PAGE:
Pan-Northern Mining Research Alliance launched
On July 10, 2017, five universities and four colleges came together for the inaugural Pan-Northern Mining Research Alliance meeting at Laurentian University in Sudbury.
The goal was to create a collaborative network among universities and colleges in the North. Individually, each institution is doing a lot to develop highly skilled graduates at all levels, as well as nationally recognized research. Together, we can do more. Over 20 institution leaders attended the meeting.
The alliance will provide a critical mass of researchers who have the potential to critically impact Ontario’s international mining brand. It can also help attract research funding and students, nationally and internationally. Meeting participants included Northern Ontario leaders from five universities and four colleges, four funding agencies, Northern government agencies and science partners.
The Ontario Chamber of Commerce estimated that over 5,000 jobs can be created just in the Ring of Fire and that opening this mineral-rich region of Northern Ontario will unlock over $60 billion of wealth. The Canadian mining industry is already a world leader in finance, sustainability standards and practices and it supports the Government of Canada’s priorities for a clean growth economy, and opportunities for Indigenous peoples.
Over 10 per cent of people employed in the mining industry are of Indigenous heritage and this number is growing. Over 20 per cent of Canada’s exports are mining related and over 300 supply and service companies are located in the North, creating good jobs and innovation that will position Canada as a global leader in mining research and innovation.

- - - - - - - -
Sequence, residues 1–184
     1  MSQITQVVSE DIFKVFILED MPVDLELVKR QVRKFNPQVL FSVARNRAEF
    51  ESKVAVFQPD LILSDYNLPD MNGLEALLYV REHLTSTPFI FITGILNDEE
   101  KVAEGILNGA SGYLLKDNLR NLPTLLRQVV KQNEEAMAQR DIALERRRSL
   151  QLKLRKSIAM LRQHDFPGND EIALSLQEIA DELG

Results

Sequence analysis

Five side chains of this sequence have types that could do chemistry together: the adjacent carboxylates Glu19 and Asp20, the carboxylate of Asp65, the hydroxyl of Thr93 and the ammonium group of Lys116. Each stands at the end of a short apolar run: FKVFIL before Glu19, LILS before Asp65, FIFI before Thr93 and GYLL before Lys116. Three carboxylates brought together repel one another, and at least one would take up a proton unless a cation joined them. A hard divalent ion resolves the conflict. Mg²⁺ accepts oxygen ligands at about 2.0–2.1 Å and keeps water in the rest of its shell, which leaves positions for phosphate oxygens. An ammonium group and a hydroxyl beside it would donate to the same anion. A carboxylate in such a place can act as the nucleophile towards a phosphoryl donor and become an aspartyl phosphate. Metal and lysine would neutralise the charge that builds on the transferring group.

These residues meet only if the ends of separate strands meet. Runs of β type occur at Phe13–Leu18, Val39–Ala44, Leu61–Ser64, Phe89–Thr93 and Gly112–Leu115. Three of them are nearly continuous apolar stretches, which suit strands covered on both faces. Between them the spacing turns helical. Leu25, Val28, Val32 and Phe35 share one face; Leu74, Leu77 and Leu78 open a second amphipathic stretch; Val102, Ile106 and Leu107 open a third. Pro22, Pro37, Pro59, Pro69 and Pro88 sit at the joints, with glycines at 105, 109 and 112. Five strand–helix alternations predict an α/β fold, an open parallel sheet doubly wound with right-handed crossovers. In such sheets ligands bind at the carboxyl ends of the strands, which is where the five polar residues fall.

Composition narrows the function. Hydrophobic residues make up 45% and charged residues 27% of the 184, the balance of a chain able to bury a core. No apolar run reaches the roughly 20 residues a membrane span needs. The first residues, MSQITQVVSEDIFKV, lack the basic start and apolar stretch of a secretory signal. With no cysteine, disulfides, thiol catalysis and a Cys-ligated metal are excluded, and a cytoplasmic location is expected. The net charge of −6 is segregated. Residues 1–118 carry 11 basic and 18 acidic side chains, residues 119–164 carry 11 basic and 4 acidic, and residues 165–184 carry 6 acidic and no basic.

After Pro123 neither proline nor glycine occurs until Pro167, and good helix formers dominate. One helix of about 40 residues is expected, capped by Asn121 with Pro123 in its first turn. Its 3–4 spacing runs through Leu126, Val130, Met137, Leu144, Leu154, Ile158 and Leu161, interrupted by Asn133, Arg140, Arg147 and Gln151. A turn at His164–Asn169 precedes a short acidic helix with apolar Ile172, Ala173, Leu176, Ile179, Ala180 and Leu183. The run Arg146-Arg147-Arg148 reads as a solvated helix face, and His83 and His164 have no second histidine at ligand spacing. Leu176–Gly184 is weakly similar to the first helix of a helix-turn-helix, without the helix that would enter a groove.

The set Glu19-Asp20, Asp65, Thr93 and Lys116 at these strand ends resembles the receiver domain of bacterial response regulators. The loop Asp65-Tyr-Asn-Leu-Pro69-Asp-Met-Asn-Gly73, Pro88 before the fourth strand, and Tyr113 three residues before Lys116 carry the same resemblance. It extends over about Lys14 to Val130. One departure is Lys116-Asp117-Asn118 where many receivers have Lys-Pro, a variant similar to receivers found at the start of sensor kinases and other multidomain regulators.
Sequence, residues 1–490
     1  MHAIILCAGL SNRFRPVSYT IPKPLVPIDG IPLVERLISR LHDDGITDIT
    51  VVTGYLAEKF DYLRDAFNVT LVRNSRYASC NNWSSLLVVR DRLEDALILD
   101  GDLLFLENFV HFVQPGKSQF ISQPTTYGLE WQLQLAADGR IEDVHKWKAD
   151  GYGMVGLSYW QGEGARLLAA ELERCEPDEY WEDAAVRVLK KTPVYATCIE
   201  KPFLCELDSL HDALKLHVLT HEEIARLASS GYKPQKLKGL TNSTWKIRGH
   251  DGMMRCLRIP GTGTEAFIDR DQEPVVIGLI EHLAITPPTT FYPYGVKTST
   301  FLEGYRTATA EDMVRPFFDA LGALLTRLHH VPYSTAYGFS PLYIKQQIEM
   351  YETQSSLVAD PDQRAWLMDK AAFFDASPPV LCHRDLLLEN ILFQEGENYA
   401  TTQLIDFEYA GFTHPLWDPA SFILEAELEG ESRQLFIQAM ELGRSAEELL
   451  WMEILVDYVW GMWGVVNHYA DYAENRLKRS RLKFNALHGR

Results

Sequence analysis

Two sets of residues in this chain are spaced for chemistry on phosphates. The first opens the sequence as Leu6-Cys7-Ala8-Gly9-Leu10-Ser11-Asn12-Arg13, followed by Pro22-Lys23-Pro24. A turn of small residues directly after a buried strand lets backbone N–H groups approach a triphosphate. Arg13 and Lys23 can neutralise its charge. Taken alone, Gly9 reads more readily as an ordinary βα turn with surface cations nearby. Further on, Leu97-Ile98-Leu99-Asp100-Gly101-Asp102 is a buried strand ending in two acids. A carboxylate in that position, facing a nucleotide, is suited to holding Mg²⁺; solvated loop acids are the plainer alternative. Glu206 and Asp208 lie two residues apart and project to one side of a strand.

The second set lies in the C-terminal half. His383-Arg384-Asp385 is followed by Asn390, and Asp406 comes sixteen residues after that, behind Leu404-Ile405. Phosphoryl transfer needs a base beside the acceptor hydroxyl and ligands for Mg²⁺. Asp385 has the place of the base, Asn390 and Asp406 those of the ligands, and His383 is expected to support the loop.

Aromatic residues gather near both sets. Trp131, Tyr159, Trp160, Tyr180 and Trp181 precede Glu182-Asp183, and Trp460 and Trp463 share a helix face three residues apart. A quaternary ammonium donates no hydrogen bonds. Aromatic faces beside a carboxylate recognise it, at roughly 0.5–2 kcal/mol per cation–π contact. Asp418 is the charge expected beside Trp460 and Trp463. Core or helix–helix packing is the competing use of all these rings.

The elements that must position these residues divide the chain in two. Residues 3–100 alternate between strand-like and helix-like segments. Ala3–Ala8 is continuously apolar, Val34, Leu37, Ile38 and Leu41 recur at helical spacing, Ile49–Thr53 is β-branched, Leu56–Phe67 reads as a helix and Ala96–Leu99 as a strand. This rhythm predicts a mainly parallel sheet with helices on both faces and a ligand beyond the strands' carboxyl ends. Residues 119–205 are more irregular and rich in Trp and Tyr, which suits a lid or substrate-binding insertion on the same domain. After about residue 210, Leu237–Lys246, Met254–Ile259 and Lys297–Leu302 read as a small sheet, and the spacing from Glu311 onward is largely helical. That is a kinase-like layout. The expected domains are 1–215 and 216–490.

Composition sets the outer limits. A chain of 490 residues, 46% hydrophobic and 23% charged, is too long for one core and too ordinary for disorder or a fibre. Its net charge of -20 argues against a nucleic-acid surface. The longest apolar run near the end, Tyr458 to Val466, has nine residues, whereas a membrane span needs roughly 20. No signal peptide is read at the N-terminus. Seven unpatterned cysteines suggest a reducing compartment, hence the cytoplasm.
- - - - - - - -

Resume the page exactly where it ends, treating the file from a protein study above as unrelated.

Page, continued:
According to the Mining Association of Canada, there will be some $145 billion dollars in new mine investments over the next 10 years.
A brainstorming session took place to identify the areas the alliance could champion and purposefully align with the following government and industry priorities:
- Partnerships and collaboration
- Health and safety: worker and community
- Diversity and leadership: Indigenous participation rates to double, women in mining, immigrant inclusion
- Climate change and the environment
- Technology: support for the Canadian Mining Innovation Supercluster
Northern Ontario has a vast geographic footprint but fewer than one million inhabitants. Collaboration by industry, government and educational institutions can create a future for the next generation, and benefit the social, environmental, and economic future of our country.
Participating colleges and universities
- Laurentian University, Sudbury
- Lakehead University, Thunder Bay
- Algoma University, Sault Ste. Marie
- Nipissing University, North Bay
- Université de Hearst
- Collège Boréal, Sudbury
- Cambrian College, Sudbury
- Canadore College, North Bay
- Confederation College, Thunder Bay
- Northern College, Timmins
- Sault College, Sault Ste. Marie
Norm Tollinsky will return next issue.